Using computers to take a byte out of wedding worries


September 29, 1993|By HOLLY SELBY

When John Carlineo panics for a moment and can't remember who among his relatives has accepted invitations to his October wedding -- or when they're arriving -- he knows what to do.

The Parkville resident simply calls up the wedding program on his computer and checks the lists. Everything from who's coming on the bride's side to who from the groom's side is arriving when is neatly stored in his personal computer.

"You can put in all the information about your wedding and your wedding party and your guests and where they're coming from," says the electronic engineer who works for the U.S. Army. "You can put if you invited them to the ceremony, to parties, to dinner. And you can get printouts of who is going where."

Called the Wedding Workshop, the software program by Precision Inc. is among several wedding planning software programs that have appeared on the market in the last few years.

And while a computer printout may not compare romantically with flowers or long, white dresses, more and more couples are turning to their PCs for help in organizing their weddings.

"The programs have appeared recently because there are more people who have PCs at work and even at home," says Cele Goldsmith Lalle, editor of Modern Bride magazine and author of two wedding planning books. "And a wedding is a major business event. It requires comparison shopping, a lot of money, a lot of tracking of guests, estimates. A one-stop-shopping database is ideal for weddings."

So ideal that the Modern Bride's Wedding Planner ($49.99) is available at software and computer stores. The program tracks guests and budgets -- and will also play a few bars of various selections of wedding music, she says.

The Wedding Workshop being used by Mr. Carlineo was created by a Santa Clara, Calif., couple inspired by the ups and downs of planning their own wedding. For use with Microsoft Windows, the software program organizes the intricate details of weddings.

For about $64.95, it will keep track of nearly everything you might think of: stationery (invitations, thank-you notes), transportation (limousines to and from the wedding, taxis from the airport), flowers (bridal bouquet, bridesmaids' bouquets, boutonnieres,

corsages), and so on.

"When you enter the guest list, with a touch of a button you can log your presents and what present you got from whom and information about out-of-town guests. Everything that should fit logically together is together," says Maria Sumnicht, who co-designed the program with her husband, Peter.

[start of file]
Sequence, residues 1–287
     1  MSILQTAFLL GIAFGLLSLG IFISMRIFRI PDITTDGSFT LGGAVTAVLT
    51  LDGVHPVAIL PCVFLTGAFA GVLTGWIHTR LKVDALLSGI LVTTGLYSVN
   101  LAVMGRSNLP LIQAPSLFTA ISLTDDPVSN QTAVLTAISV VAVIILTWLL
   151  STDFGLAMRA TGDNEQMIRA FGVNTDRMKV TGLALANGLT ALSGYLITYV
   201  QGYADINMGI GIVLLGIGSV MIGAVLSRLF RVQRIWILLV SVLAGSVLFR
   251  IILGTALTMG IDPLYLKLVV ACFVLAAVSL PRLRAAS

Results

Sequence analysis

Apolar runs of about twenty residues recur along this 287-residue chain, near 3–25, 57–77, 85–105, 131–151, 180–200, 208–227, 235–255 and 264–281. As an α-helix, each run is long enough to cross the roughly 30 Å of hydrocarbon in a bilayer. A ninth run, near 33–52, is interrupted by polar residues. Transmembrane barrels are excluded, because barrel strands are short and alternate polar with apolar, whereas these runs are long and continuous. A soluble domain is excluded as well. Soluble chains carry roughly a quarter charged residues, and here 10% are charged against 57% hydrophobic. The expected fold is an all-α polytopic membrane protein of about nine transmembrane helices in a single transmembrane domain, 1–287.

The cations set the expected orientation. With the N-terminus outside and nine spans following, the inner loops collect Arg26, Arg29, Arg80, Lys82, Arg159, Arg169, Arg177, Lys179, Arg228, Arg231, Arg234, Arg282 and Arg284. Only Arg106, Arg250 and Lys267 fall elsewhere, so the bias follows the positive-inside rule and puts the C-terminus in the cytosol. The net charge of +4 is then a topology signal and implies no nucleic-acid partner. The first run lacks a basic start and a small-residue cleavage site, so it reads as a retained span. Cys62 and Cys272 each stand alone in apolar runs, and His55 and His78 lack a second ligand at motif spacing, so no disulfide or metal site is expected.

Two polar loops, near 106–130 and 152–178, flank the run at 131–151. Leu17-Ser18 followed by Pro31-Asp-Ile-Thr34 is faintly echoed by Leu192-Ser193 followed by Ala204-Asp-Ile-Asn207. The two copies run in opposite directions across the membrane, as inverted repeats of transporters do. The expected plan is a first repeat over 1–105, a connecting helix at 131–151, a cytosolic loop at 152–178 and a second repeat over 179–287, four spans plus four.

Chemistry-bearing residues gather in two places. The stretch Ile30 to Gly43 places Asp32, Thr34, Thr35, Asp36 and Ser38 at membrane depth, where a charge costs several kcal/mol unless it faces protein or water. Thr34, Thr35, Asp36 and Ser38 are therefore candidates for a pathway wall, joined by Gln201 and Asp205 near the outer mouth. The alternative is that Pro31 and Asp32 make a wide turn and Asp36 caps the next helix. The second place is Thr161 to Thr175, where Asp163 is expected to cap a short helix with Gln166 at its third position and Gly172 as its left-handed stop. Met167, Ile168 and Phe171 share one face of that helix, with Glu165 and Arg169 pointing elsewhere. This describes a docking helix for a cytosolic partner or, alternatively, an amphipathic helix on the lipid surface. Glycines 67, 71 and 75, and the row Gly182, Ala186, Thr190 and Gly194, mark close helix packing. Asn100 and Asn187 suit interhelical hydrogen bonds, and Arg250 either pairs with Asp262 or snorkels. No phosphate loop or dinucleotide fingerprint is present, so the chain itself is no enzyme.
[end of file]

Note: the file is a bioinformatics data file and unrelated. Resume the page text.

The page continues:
It's remembering all the necessary details that Tina Maher swears will get her down. The Woodbridge, Va., substitute teacher has never been to a wedding, she says. And she's not familiar with the tiny touches needed to make her November ceremony complete.

And like many people who get married far from their homes, she's planning her 150-guest wedding over the phone. Ms. Maher lives in Virginia, is from Arkansas but is getting married in a suburb of Michigan, her fiance's home state.

But she's got it under control. Or at least her PC does.

Using the Wedding Workshop Program, she has "input all the guests and all the people involved, like the florist, the caterer and photographer and videographers and chaplains," she says. "I'm working on the budget -- the program keeps your estimates of the budget. It figures out how much it actually costs and the difference, and it also keeps track of your grand total."

For couples who have MacIntoshes, there's a MacWedding, which came out early this year and costs $49.95. Marketed by Pentley Publishing of Menlo Park, Calif., it can be ordered by mail.

"I work at Apple and I developed my own program when I was getting married," says Lee Wilson, who designed MacWedding. "Suddenly people all over my company were asking to use my program. Then I started thinking, 'Hmm, maybe I have a product here.' "

One of the useful things about computerized wedding plans, besides keeping your lists and budget records straight, he says, is that they can be used months and years later. "When people come to visit you can quickly look up what they gave you and make sure it's on the coffee table."

Locally, Ergo Soft Inc. of Columbia offers a wedding program called Celebrate for $59.95 that, in addition to keeping track of everything from budgets to bridal gowns, can also transfer your guest list from your personal computer to a local stationery store's computer. Push a few computer keys, says Gary Deutsch, president of Ergo, and voila! your guest list is being printed on invitations in calligraphy.

What won't the program do? "The software will not tell you who will not sit with whom," he says laughing. "You're on your own for that."

Some wedding planners forgo the packaged software and go it alone. "One father of a bride did the whole program himself," says Roberta Fleming, wedding consultant and owner of Towson-based Lace and Promises Ltd. "He did little seating charts, he did budgets, he even did a little map on the computer of where everything would be."

Jeanette Sinclair similarly kept track of her wedding.

The Woodbridge computer analyst, who was married last May in Annapolis, used packaged database and word-processing programs to keep track of guests lists, budgets and who was invited to which event for her 200-guest wedding. At frequent intervals during the planning process, she'd send a report printed out by her computer to her fiance in New York. And a friend also used a software program to draw the maps Ms. Sinclair included in her invitations.

"I don't know how people do it who don't have a computer," she says.

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